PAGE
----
In “Jesus the Lawgiver,” (ch. 8), Watson examines several apocryphal gospels which argue allegiance to Jesus is incompatible with the law giving God of Jewish scripture. Watson briefly summarizes the Apocryphon of John, the Acts of John, First Apocalypse of John, and the reconstruction of Maricon’s Antitheses and Euangelion. For all these examples, “Jesus is not the emissary of the God of the Hebrew scriptures. He is the revealer of a previously unknown father. These texts confront a Christian reader with a choice: either to continue in the impossible service of two masters or gratefully accept the liberation from the one offered by the other” (166).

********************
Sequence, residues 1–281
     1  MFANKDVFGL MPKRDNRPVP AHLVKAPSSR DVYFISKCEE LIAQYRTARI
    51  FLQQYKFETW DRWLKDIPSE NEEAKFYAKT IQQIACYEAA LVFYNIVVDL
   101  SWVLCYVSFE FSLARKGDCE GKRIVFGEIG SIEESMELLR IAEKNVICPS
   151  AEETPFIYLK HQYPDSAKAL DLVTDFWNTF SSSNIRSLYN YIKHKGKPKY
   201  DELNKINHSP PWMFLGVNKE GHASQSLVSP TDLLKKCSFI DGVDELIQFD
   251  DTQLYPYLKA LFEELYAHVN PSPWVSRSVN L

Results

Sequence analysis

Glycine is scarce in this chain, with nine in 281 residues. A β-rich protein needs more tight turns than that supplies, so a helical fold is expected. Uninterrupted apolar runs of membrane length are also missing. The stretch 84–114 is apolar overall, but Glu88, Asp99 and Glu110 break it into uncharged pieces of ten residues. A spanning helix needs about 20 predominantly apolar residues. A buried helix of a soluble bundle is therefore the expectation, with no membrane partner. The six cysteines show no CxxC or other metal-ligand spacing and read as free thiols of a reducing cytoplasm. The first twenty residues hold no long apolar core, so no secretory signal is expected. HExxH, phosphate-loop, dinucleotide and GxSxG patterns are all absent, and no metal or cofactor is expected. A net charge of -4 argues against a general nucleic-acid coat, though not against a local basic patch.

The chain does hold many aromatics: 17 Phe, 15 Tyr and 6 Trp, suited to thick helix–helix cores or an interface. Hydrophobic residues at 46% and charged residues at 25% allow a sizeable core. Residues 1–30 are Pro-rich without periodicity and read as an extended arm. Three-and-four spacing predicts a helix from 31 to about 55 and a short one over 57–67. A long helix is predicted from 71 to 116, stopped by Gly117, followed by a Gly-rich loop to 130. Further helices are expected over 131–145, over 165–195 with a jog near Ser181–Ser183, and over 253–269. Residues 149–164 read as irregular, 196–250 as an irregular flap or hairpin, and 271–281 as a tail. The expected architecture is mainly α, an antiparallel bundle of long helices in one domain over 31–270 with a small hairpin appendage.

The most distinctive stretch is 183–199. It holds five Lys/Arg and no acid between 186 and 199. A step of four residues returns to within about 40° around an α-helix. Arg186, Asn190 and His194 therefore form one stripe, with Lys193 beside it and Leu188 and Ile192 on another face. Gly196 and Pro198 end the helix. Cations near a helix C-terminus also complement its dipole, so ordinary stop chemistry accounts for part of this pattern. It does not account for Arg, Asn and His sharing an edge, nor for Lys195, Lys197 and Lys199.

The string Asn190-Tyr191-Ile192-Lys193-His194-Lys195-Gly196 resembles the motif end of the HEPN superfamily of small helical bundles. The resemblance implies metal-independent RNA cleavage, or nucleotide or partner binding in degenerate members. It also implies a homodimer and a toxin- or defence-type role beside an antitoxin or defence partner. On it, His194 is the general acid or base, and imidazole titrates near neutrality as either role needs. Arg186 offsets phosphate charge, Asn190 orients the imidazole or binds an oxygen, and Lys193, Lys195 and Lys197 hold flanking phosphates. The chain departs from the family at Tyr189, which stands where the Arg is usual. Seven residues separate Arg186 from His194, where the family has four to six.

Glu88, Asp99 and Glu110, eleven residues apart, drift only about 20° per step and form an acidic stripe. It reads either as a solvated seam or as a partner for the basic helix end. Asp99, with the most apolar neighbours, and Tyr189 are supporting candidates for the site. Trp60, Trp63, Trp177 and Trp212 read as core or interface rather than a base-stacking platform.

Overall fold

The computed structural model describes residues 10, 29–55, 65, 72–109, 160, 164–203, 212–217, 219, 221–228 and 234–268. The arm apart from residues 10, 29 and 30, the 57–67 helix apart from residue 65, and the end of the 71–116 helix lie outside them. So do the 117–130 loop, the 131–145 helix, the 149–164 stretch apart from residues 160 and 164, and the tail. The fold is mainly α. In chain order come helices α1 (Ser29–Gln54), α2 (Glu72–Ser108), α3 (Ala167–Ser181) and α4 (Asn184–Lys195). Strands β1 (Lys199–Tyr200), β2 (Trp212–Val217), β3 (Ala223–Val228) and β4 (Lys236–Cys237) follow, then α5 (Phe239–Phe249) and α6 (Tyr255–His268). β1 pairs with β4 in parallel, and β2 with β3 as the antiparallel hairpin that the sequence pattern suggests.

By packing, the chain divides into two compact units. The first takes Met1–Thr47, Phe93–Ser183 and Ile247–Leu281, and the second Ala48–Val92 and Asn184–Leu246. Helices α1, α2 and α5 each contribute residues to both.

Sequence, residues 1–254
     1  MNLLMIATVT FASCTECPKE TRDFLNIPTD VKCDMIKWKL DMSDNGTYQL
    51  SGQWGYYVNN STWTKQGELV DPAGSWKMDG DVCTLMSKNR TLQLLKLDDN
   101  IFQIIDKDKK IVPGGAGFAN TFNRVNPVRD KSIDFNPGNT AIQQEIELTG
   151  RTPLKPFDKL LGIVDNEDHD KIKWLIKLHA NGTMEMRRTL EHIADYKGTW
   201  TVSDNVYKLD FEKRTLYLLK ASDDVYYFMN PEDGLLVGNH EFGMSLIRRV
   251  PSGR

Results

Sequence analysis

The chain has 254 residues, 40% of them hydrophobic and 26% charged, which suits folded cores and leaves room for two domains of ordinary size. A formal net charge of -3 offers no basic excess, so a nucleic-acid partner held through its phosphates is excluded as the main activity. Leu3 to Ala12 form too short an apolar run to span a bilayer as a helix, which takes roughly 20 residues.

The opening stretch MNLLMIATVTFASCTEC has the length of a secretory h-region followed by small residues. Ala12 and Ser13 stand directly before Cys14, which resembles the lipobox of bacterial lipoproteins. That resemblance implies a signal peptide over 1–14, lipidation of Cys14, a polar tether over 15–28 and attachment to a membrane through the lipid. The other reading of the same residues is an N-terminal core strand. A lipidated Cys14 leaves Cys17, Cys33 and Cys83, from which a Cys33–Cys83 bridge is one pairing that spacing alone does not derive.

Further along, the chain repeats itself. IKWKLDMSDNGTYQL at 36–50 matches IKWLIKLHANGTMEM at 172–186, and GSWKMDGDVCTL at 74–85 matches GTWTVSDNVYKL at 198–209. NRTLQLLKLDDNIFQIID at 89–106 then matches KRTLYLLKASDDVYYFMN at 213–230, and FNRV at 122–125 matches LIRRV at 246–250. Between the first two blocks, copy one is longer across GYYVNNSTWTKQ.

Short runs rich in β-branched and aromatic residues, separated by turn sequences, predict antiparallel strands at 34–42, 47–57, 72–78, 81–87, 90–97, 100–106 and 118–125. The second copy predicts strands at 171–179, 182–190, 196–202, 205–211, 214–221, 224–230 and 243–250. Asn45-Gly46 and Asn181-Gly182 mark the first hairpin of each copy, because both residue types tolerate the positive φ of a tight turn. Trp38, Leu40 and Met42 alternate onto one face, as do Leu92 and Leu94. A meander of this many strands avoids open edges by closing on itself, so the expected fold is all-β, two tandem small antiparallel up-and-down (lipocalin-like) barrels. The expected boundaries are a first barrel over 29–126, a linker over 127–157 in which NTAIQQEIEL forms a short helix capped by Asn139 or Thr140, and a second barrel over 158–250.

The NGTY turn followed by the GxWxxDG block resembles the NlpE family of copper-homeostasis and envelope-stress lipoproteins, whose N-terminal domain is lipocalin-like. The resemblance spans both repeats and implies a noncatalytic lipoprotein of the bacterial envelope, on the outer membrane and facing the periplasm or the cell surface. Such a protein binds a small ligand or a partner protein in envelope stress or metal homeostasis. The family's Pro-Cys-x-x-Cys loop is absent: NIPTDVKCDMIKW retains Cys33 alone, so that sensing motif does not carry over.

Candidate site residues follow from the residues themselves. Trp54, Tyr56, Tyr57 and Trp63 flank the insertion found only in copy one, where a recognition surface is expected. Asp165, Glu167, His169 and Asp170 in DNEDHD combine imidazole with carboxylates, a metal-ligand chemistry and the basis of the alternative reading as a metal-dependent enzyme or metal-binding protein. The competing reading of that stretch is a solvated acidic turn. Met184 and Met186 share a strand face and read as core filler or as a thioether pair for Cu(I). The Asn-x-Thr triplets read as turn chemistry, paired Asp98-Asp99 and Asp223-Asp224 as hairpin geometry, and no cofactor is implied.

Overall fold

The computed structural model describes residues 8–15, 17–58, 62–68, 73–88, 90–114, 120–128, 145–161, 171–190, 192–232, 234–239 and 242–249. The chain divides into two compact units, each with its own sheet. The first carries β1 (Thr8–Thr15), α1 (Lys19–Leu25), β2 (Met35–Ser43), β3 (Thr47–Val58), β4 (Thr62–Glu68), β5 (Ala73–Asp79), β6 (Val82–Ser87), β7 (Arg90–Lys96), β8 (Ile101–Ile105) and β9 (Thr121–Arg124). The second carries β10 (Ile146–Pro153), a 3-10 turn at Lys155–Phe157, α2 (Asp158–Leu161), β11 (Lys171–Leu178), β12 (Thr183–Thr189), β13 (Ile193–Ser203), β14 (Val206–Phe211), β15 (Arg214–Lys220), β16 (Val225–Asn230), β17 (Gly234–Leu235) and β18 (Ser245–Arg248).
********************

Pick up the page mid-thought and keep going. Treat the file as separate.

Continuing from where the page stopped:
Chapters 10-12 are concerned with reception history. Watson discusses Marcion’s rejection of the four-fold canonical gospel in favor of his own highly edited Gospel of Luke, Euangelion. For Tertullian, this document was a corruption of the true four-fold canonical gospels. But if one does not impose the later four-fold canonical definition of gospel on Marcion, Watson argues Marcion was engaged in gospel writing using similar methods as Matthew. In chapter 11, Watson examines the redactional strategy of Tatian in the Diatesseron. He takes the gospel prologue, Zechariah the priest and the virgin Mary as his examples and demonstrates that Tatian’s methods were like Matthew or Luke. A source could be amended, sources could be juxtaposed, redactors are not obliged to include all available source material, and source material may need to be amplified (233-35). Chapter 12 examines the art of the Lindinfarne Gospels as a form of reception. This art is intended to interpret the gospels. We not only read the gospels, but we view them as well (253).